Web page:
Combine Power BI and Azure Synapse Analytics Serverless to get timely actionable insights. In this blog post, you will create a Power BI report using the on-demand form of Azure Synapse Analytics. Get the best performance from the engine and pay only per usage!
In my previous post on Power BI and Azure Synapse Analytics, I highlighted how easy it is to build Power BI reports in Azure Synapse Analytics workspaces.
In the previous post, I used a provisioned database. Today, we’ll explore the serverless (on-demand) offering and connect to it using Power BI.
The tutorial below has three sections:
- Create External Tables
- Create Power BI dataset
- Create Power BI report
Why should you query the information in a Data Lake using Azure Synapse Analytics external tables and not directly Power BI?
I believe that are two key reasons for doing this:
- Power BI only supports import mode when using information from your Data Lake. This means that you have limitations on the size of the dataset (either Power BI Pro or Power BI Premium). Import mode also makes it difficult to display recent or near real-time changes.
- Using the engine of Azure Synapse Analytics will bring great performance and big data capabilities to your reporting solutions, and it is fully integrated with your Azure data lake store.
For this example, we are going to be using 2 different AdventureWorks parquet files that you can download from this link.
Create external tables
First, create external tables in your Azure Synapse Analytics SQL serverless pool. You can create them without writing any lines of codes.
Since Azure Synapse Analytics on-demand does not store any data in the database, we’ll create a link definition between your Data Lake and the database. This takes advantage of the Synapse Analytics engine (Massively parallel processing system).
Create external table Sales Order Header
Azure Synapse Analytics can create the external table for us. We just need to provide the name of the database that we want to use (serverless is the default option), external table name, and the automatic option.
Then, you’ll be able to query the information.
Create external table Territories
Now, repeat the same process for the territories file.
Territory file external table.
You can verify that the objects exist in your database by using the Data Hub.
Create Power BI dataset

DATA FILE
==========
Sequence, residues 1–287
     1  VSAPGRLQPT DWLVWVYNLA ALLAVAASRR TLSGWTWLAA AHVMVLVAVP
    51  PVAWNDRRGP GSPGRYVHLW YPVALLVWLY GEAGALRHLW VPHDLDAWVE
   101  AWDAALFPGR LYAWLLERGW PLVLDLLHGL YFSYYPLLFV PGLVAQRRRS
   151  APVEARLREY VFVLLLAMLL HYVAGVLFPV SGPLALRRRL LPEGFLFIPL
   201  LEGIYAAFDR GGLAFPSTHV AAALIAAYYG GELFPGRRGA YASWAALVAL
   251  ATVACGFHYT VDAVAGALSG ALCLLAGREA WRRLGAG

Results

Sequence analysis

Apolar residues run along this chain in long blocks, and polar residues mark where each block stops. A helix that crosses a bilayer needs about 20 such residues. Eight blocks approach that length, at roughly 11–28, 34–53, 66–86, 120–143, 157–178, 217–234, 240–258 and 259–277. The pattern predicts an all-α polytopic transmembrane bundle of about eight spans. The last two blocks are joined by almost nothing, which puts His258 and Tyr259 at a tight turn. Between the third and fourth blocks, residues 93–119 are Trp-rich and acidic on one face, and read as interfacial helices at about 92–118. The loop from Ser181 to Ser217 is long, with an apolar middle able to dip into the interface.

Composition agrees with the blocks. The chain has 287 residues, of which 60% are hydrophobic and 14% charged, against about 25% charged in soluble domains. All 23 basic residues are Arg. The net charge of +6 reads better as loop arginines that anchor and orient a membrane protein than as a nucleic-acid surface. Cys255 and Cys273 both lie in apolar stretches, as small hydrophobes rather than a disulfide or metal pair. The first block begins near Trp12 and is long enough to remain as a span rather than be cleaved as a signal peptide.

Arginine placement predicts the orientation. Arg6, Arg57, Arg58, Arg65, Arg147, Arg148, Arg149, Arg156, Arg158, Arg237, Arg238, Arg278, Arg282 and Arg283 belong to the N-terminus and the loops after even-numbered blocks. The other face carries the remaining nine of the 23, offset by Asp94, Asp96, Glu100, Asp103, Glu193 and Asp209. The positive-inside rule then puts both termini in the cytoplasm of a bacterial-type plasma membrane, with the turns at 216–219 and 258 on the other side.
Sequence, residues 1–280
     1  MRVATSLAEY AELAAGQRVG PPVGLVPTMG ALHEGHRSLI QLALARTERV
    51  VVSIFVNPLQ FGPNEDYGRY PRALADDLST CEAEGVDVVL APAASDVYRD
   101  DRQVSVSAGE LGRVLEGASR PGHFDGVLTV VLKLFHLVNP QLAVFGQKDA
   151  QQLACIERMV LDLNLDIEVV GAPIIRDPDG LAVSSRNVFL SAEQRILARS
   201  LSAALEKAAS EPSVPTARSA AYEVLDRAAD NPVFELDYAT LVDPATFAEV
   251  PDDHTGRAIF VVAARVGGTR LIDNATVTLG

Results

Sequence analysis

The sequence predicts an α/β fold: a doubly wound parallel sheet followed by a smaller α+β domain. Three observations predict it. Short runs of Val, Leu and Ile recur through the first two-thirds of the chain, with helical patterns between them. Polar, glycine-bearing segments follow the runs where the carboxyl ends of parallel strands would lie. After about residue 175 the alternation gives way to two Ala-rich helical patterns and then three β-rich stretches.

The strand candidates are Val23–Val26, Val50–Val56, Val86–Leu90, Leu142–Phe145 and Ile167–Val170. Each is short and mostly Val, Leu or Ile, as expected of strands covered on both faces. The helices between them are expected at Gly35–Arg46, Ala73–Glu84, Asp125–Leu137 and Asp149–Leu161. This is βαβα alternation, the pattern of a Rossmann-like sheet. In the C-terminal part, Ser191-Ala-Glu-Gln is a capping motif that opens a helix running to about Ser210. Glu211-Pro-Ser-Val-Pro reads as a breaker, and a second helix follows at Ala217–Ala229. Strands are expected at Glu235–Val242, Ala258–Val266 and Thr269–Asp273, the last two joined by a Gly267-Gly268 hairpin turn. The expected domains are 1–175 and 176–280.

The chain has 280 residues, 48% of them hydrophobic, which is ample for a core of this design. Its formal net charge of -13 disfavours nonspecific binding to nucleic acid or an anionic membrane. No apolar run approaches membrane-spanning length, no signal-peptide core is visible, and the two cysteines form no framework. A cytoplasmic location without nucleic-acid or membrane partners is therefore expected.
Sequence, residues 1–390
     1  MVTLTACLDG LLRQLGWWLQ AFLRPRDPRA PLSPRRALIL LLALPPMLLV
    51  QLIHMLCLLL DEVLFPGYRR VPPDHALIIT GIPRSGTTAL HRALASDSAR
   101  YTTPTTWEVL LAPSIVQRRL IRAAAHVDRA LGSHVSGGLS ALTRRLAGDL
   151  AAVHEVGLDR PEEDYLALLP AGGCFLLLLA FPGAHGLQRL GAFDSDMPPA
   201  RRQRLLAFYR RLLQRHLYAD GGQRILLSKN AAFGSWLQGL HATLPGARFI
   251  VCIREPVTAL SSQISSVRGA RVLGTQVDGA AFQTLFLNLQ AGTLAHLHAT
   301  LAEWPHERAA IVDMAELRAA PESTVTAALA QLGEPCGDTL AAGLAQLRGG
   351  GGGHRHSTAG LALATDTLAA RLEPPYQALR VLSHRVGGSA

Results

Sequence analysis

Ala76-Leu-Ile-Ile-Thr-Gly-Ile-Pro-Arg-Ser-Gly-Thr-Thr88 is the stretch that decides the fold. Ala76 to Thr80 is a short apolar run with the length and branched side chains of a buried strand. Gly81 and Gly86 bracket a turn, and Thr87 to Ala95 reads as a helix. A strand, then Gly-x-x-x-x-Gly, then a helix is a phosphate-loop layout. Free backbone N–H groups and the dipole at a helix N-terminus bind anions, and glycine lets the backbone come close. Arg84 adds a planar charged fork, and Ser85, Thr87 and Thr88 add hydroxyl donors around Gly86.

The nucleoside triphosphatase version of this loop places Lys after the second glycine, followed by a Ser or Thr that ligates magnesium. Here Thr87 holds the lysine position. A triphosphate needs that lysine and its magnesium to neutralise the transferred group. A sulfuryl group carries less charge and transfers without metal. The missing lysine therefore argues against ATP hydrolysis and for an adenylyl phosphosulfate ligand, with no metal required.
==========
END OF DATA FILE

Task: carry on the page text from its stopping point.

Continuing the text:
Next, to create a Power BI report, you need to have a linked service (check this blog post on how to create a Power BI report) and create the datasets (connected to your serverless external tables).
This screen starts the tutorial.
First, select your database.
Now, it’s time to download the Power BI template. This allows you to create a dataset.
After that, open the report and select your datasets.
In our scenario, we are going to use the direct query method that doesn’t require importing information into a Power BI report.
Make sure that you create a relationship using the Territory Id column.
We’ll build the report in Azure Synapse Analytics, so you can simply publish the dataset.
Select the Azure Synapse Analytics workspace that you are using in your linked service.
The dataset will become available in your Azure Synapse Analytics workspace, but you still need to configure the dataset credentials.
Configure the credentials for the Power BI dataset in the Power BI service.
Next, edit the credentials.
And finally, select the authentication method to OAuth2.
Your dataset is ready!
Create a Power BI Report
Now that you have external tables and a Power BI dataset; you can start building reports using the Direct Query method to your Data Lake parquet files.
Select your dataset.
Now, you are ready to start creating Power BI Reports!
When you save the report, it will become available in your workspace. You can also share it.
It will be available in Azure Synapse Analytics as well.
You’ve seen how easy it is to create external tables and Power BI reports in Azure Synapse Analytics using a serverless option (pay per usage).
I’m really satisfied with delivering actionable insights from end-to-end without writing a single line of code. This will certainly enable more users to start using the platform and get value out of it.
Looking ahead, I’ll be posting on some of the other features within Azure Synapse Analytics. Please leave a comment if there is anything that you would like to learn about.